Yara Rodrigues Fowler on why hope is a radical act

Yara Rodrigues Fowler on why hope is a radical act

The author discusses her new novel which takes readers across continents and generations – from the London riots to Brazil's military dictatorship.

In the face of a cost of living crisis and looming recession, there’s no denying that our current political landscape is bleak. But if you look hard enough for it, hope can still be found. Whether it’s stopping the development of an oil field in Scotland, standing up against private developers or a group of young people staging a direct action against Priti Patel’s dehumanising immigration policies, stories of political resistance stand in direct contrast to the ever-growing sense of apathy and nihilism, acting as anchors for those who are fast losing hope.

But how do you write about such stories? And how do you turn them into contemporary fiction without sounding cringe or condescending? Yara Rodrigues Fowler is a Brazilian-British novelist and activist from London who manages to strike this balance in her latest novel there are more things. The 29-year-old captures the spirit of political hope and resistance by telling the story of Melissa and Catarina, two roommates with Brazilian roots living in an ex-council flat in East London.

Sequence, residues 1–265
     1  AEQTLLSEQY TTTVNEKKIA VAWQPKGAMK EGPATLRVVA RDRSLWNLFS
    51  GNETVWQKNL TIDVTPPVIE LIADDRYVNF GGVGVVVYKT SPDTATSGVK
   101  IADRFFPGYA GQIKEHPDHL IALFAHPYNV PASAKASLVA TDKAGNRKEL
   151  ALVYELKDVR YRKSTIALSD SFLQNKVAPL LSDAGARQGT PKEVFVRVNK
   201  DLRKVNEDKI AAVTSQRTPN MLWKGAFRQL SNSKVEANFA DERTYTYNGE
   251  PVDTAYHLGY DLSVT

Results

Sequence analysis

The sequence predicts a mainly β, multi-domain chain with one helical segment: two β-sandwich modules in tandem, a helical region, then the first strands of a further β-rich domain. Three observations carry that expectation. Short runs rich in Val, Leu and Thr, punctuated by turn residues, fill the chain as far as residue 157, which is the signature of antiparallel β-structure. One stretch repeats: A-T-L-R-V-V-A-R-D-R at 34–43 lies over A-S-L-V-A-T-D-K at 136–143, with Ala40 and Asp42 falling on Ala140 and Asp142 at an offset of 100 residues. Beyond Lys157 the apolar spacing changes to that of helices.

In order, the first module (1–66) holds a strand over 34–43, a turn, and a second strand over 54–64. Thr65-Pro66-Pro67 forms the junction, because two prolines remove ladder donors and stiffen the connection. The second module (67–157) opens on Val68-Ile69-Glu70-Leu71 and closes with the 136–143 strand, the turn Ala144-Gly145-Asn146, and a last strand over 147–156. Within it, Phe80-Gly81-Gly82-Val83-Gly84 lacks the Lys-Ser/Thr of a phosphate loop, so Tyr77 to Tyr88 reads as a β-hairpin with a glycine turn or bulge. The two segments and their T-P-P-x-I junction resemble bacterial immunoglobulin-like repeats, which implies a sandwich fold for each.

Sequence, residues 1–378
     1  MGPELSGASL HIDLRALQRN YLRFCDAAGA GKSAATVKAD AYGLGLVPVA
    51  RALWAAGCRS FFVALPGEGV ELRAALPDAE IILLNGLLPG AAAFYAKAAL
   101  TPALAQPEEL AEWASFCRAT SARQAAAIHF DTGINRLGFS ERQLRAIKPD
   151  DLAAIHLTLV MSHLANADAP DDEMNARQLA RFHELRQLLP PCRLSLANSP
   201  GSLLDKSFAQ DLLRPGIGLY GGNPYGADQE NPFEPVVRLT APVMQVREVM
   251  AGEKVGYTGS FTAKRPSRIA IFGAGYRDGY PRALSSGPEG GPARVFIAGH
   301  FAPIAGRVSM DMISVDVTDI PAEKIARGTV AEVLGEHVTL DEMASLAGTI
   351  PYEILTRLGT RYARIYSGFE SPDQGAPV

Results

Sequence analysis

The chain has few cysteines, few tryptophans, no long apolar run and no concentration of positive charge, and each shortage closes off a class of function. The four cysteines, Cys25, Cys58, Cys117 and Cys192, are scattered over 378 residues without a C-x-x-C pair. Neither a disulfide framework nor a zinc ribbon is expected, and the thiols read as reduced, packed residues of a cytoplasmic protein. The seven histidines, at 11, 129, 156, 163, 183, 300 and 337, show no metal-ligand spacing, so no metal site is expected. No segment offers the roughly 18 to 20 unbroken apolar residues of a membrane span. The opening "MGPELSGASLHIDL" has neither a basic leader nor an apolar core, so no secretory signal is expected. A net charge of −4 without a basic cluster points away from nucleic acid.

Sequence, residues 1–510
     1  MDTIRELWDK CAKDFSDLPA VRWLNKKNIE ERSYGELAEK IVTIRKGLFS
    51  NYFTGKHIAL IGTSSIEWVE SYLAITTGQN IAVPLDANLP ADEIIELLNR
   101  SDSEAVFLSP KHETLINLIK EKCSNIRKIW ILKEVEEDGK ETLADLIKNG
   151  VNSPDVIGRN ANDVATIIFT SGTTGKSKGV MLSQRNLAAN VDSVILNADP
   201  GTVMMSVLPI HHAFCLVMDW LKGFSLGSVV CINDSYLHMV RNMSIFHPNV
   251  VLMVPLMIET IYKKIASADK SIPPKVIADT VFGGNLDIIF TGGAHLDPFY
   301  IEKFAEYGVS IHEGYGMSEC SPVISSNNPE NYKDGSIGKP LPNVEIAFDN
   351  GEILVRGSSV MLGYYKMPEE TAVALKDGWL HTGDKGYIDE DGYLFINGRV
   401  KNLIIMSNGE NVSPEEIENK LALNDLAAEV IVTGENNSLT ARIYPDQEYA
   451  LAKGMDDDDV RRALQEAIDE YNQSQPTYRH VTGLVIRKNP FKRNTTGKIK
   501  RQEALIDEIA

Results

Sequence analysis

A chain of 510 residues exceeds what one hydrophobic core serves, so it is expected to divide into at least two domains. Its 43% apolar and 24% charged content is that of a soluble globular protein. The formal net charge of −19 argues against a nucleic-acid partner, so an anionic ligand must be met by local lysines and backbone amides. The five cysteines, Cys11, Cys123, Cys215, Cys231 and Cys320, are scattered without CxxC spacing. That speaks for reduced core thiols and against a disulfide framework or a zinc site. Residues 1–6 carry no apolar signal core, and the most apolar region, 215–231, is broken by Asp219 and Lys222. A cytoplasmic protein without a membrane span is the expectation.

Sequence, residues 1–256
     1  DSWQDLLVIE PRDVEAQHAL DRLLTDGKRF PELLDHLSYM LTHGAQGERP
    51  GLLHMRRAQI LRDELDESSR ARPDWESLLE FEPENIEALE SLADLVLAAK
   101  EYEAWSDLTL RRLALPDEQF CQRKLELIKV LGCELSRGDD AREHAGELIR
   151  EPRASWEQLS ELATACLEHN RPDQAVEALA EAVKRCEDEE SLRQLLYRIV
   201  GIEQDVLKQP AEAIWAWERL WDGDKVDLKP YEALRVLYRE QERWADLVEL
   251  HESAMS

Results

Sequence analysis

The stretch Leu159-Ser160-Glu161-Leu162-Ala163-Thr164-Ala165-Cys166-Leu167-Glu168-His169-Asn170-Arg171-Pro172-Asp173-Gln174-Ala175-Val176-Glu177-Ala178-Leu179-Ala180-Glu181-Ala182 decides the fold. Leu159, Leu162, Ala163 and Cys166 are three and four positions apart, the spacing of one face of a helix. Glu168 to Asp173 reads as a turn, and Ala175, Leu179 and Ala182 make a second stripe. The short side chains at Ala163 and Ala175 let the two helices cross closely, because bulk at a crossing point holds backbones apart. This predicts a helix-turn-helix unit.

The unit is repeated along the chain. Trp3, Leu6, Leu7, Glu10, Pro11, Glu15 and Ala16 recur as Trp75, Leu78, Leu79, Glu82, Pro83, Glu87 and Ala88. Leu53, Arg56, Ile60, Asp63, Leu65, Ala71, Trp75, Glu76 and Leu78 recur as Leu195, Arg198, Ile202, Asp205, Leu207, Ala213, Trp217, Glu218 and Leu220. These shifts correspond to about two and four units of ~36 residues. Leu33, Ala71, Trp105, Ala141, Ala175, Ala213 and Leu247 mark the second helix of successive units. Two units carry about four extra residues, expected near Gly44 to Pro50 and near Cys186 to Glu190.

The women meet in 2016 and slowly begin to share their lives with one another. Not only does the author tell us their stories, but she also writes of the things that came before, such as Brazil’s military dictatorship, deftly linking the past with the present. Their friendship, which blooms into a beautiful sisterhood, is the backdrop to a touching novel about history, revolution and love.